Northern Harrier

Circus hudsonius – hawk that flies in circles.

Wingspan: 3 feet. Weight: .7 – 1.3 pounds

The Northern Harrier is a beautiful, slender, graceful hawk, tilting over fields and marshes as it hunts for rodents and small reptiles and birds. Sometimes as it flies, it gives a high whining cry.

The Circus genus is found worldwide, but the Northern Harrier is the only one in the US. Populations in much of the country migrate, but not the birds in California and the West Coast. It hunts in open pastures, marshes, and fields, flying low over grasses and crops, tilting its body. Its head has a “facial disk” similar to that of owls, indicating that it uses its hearing in hunting. (See below.) Its diet is small rodents, reptiles, insects, and birds.

Unusual among raptors, males and females of this species differ in color: the adult male is gray on the back and white on the undersides, while the female is brown on top, with a deeply striped breast. It may take the male three to four years to develop his complete adult feathering.

Female Northern Harrier, showing brown striped feather pattern. Note facial disk of short stiff feathers.

Female Northern Harrier, showing brown striped feather pattern. Note facial disk of short stiff feathers.

Young male Northern Harrier. Note white rump.

Young male Northern Harrier. Note white rump.

Adult male Northern Harrier, showing nearly complete adult feathering. Photo by Jim Zipp from Arkive

Adult male Northern Harrier, showing nearly complete adult feathering. Photo by Jim Zipp from Arkive

Both sexes have a distinctive white rump, which is often visible in flight. These birds are more social than most raptors: they roost on the ground in groups, and the male may have several mates simultaneously. Their calls are alike: a high-pitched whistling whine.

Nesting: Harriers nest on the ground or in low bushes in open fields or pastures. Unusually for raptors, one male harrier commonly will mate with two, sometimes up to five, females, depending on the availability of food. The female incubates the eggs and broods the hatchlings, but the male provides most of the food for the young birds.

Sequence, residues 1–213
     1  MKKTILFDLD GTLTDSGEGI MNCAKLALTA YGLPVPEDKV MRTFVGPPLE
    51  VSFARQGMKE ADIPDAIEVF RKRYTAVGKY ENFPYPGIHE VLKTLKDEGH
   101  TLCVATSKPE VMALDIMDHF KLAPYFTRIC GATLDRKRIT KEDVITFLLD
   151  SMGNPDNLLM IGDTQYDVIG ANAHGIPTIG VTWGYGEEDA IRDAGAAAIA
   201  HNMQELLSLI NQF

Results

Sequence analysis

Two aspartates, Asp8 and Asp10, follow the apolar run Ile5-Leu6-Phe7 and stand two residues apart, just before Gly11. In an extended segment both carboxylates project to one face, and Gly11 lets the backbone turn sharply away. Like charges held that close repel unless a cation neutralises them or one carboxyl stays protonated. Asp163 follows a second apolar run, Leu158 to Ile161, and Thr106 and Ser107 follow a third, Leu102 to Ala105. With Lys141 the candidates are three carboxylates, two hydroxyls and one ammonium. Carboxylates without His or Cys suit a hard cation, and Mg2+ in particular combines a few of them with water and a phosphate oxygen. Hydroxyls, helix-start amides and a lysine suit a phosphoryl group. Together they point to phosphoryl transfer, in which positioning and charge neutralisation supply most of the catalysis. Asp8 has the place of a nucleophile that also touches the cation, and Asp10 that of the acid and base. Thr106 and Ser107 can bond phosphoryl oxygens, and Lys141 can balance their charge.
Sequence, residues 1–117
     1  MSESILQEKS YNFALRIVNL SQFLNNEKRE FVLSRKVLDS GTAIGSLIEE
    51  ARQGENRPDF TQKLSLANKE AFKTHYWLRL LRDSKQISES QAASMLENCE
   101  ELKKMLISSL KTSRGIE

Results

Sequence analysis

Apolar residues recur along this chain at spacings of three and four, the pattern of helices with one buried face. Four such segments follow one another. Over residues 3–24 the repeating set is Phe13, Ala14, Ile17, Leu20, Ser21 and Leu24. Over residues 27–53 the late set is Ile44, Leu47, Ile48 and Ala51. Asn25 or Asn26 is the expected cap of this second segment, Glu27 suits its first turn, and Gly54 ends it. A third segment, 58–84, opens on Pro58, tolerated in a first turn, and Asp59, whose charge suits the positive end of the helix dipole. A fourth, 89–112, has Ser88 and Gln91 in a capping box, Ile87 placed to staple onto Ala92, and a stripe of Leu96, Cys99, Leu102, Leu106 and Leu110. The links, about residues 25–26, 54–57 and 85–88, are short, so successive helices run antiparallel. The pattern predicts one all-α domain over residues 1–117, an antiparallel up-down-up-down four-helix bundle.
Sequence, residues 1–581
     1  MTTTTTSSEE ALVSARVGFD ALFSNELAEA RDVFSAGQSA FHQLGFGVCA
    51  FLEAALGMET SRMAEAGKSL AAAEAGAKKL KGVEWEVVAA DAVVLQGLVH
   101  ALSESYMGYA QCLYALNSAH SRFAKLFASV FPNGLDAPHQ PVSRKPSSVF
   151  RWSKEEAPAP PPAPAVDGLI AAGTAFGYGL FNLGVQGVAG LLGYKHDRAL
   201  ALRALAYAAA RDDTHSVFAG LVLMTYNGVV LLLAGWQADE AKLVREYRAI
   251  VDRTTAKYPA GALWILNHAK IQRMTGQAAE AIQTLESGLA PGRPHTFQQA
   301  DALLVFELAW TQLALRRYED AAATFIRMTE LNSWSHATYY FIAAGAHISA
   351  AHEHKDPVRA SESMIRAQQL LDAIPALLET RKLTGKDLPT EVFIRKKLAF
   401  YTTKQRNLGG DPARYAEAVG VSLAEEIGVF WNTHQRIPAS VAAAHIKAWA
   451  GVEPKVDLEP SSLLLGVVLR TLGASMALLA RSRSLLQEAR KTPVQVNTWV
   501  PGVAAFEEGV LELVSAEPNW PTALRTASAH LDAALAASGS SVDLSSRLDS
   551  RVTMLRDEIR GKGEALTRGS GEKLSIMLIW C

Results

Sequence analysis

Females breed first at one year, males at an older age, but the males’ breeding is dependent on the the rodent population of any given area.

Hunting specialties: Harriers have a modified facial disk of stiff feathers, guiding sounds to their ears, so, like owls they hunt as much by sound as by sight. They fly low over fields and marshlands – indeed, they used to be called “Marsh Hawks.”

Relationship with people: This species was affected by DDT, which interfered with the absorption of calcium in the bird’s body, and caused thinning of the egg shells. This toxin nearly wiped out many bird species, including Bald Eagles and Peregrine Falcons, but it was banned in 1972, and these species have all recovered. The Northern Harrier, like many raptors, is today threatened by habitat destruction. They are vulnerable to many pesticides still in use in agricultural areas, and their low nests make the females, eggs, and young easy prey for dogs, cats, foxes, raccoons, and the like. The nests are often destroyed or disturbed by farming activities.

Predators: Mammal predators at ground nests. Other raptors kill adults.

Life span: 16 years in the wild. Like all raptors, the first year of life takes a hugh toll: 50 to 80 percent of the year’s young die. If they survive that first year, they can learn effective hunting and protective skills, get to know their area and its predators and safe places, and live for a good long while. They can live 20 or more years in captivity. Migration brings unforeseeable dangers, of course, to any birds on the move. But the Harrier is non-migratory on the West Coast.

Status: The Northern Harrier is not endangered, but populations are declining where habitats are being destroyed.

Curious facts: In winter, these birds sometimes roost together in large numbers.

A European species, Montagu’s Harrier, has been found to have ultraviolet components in the male’s cere (the waxy skin area at top of the beak) in breeding season. In studies, the darker the UV component, the more successful the bird was in attracting mates. The females, which lack UV components in their ceres, seem to choose males whose ceres are brightest. This has not yet been studied in our Northern Harrier, but their life styles are similar.


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